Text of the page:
• In an embodiment shown in FIG. 6B, one or more perforations 60 may be formed using a hydrajetting tool 30 engaged to the profile nipple 18 on the end of the tubing string 16. In this embodiment, an abrasive fluid may be pumped through high-pressure jets and directed at the casing 12, the cement, and the formation 22. The abrasive fluid may be a carrier fluid containing a solid material, which may be any material with abrasive properties and may generally range from 70/170 to 20/40 mesh. In an embodiment, the solid material may be sand, a metal oxide, or any other material with abrasive properties. The abrasive fluid may be pumped through the tubing string at a predetermined rate for a specific period of time. The time required to perforate varies depending on, but not limited to, the solid material concentration in the carrier fluid, the abrasive fluid pump rate, the number of strings of tubing or casing that must perforated, their respective thicknesses, and the formation composition. In an embodiment, a perforation 60 created using a hydrajetting tool 30 may be approximately three times the nozzle diameter or larger. The fluid pumped through the hydrajetting tool 30 may be returned to the surface or the top of the well by flowing in the annular space between the tubing string 16 and the casing 12. A choke device may be present in an embodiment in which a hydraulic workover unit 20 is used to collect and recirculate the abrasive fluid to the hydrajetting tool 30. The hydrajetting tool 30 may be retrieved after the perforations 60 are formed. In an embodiment, a wireline, slickline, or coiled tubing may be used to engage the fishing profile in the hydrajetting tool 30, release it from its engagement with the profile nipple 18, and return it to the top of the well. In another embodiment, a fluid may be circulated down through the annular space between the casing 12 and the tubing string 16 and up through the interior of the tubing string 16 as a sufficient pressure to return the hydrajetting tool 30 to the surface, as shown in FIG. 6C.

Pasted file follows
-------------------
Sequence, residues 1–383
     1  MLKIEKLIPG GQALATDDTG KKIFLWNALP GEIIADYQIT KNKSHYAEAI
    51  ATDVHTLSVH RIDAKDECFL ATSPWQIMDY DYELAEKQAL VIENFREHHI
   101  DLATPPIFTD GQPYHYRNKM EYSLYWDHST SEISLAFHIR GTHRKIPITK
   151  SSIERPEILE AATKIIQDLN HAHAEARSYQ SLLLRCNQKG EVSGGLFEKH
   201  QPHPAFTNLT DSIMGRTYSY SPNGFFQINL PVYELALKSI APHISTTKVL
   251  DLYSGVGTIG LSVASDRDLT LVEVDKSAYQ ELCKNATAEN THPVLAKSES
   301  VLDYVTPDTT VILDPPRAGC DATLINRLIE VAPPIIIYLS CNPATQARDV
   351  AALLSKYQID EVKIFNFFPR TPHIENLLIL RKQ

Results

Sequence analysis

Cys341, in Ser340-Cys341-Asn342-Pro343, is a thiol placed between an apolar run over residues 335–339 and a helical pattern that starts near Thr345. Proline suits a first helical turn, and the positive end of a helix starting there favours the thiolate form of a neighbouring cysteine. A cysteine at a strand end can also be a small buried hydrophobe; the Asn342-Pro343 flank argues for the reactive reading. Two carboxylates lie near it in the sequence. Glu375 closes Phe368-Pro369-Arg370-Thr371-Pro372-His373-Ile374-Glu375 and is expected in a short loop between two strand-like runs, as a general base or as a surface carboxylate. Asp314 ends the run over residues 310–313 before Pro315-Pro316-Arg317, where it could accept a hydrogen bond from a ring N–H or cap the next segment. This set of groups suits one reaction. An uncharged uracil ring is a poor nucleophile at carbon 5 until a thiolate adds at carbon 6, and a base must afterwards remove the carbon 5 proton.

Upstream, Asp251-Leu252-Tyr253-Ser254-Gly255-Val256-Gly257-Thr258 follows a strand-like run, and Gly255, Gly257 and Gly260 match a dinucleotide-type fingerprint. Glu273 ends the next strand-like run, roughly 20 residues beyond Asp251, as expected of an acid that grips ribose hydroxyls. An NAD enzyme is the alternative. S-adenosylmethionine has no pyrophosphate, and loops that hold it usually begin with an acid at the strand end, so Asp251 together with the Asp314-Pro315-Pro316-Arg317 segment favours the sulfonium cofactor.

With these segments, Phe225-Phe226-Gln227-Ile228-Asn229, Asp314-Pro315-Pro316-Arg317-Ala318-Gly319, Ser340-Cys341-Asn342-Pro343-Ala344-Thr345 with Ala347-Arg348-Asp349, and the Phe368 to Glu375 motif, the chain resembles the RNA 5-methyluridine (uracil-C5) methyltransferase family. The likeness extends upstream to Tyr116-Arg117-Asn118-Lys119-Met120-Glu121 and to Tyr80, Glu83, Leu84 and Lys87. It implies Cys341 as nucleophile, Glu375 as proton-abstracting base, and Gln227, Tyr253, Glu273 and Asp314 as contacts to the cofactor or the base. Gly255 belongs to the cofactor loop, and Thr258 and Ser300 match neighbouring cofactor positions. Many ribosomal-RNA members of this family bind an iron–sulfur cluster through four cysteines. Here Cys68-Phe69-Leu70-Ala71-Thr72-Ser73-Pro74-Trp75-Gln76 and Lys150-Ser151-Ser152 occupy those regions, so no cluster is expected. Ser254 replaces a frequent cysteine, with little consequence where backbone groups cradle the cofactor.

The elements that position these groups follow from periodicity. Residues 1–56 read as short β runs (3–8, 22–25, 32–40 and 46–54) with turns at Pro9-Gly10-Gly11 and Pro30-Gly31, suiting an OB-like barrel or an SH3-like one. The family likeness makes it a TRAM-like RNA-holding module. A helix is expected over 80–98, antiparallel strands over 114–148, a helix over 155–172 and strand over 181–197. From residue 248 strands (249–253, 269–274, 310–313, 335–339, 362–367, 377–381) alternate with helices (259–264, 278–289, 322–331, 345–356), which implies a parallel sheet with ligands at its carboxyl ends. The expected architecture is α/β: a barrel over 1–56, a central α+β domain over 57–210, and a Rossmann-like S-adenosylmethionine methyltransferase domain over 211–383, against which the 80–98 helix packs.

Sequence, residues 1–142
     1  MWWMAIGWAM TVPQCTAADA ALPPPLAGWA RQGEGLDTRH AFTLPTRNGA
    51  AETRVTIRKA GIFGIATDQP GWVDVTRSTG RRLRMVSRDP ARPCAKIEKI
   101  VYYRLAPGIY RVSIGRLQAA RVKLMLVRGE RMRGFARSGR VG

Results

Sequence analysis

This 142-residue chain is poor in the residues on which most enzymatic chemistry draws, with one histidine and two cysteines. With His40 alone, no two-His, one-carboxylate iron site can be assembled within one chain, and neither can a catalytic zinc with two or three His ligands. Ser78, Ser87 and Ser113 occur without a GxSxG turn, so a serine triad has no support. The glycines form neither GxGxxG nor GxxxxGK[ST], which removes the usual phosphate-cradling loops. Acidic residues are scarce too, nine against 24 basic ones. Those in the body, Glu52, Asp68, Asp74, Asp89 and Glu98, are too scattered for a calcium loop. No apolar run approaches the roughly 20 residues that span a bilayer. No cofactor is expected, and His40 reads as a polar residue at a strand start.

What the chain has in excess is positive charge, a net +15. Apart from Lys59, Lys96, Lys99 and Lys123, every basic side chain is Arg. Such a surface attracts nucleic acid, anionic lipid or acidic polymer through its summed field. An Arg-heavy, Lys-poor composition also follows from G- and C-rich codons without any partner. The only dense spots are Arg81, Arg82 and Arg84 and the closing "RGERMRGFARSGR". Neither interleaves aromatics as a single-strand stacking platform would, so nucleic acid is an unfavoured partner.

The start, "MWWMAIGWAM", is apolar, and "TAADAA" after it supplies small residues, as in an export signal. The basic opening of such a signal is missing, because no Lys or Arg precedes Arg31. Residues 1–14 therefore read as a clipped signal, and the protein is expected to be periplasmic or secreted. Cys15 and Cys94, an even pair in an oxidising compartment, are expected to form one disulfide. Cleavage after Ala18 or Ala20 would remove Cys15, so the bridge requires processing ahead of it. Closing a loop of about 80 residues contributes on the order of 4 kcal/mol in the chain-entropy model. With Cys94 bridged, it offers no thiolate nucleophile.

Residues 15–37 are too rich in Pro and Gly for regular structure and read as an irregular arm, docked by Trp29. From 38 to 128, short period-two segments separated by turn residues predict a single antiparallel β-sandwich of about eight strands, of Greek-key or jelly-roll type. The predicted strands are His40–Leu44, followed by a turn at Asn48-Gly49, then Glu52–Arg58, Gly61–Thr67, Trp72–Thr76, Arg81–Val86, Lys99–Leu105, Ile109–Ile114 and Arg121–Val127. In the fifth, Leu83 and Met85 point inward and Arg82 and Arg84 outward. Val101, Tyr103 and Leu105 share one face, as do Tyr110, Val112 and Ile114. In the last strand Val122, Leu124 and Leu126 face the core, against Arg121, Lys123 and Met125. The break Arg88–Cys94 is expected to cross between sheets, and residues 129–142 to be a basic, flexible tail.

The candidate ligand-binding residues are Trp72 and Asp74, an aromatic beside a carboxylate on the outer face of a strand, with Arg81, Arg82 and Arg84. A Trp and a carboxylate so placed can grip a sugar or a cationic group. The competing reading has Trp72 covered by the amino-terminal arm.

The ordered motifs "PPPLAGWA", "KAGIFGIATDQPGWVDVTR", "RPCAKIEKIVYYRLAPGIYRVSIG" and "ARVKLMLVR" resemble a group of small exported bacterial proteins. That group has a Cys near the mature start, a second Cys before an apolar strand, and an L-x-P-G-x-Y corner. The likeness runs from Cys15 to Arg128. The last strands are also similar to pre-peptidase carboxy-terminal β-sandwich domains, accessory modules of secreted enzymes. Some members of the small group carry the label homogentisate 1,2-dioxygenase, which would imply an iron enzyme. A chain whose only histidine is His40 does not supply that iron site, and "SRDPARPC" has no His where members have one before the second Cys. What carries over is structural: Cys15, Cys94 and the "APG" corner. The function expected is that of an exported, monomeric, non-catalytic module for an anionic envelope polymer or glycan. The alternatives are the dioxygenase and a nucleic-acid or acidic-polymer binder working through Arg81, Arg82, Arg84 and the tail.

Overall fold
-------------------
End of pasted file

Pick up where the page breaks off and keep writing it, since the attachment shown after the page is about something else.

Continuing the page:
• In another embodiment, a perforating gun engaged in the profile nipple may be used to create perforations in the subterranean formation. In this embodiment, a fluid pressure may be used to activate the perforating gun once the tubing string and perforating gun tool are properly placed within the well bore. As shown in FIG. 4, a pressure applied to the top of the piston 58, which may be done by pumping or pressurizing a fluid within the tubing string, may be used to move the piston 58 towards the explosive initiator 62. In this embodiment, shear pins 56 may be used to maintain the piston 58 in a fixed position until a sufficient pressure is provided to the top of the piston 58 to cause the shear pins 56 to fail. At this point, the piston 58 may move downward and drive the firing pin 60 into the explosive initiator 62, causing the perforating charges to fire. There may be one or more perforating charges, which may be for example, shaped charges, capable of creating one or more perforations through the casing, cement, and into the formation. In an embodiment in which a perforating gun is used to create perforations in the well bore, the perforating gun may be retrieved after the perforations are formed. In an embodiment, a wireline, slickline, or coiled tubing may be used to engage the fishing profile in the perforating gun, releasing it from its engagement with the profile nipple. The perforating gun may then be returned to the top of the well using the wireline, slickline, coiled tubing, fluid suction on the top of the perforating gun tool, or any combination thereof. In this embodiment, a new tool may be engaged into the profile nipple. The new tool may be a hydrajetting tool, a washing tool, or any other tool capable of providing a fluid to the end of the tubing string located at or near the perforations.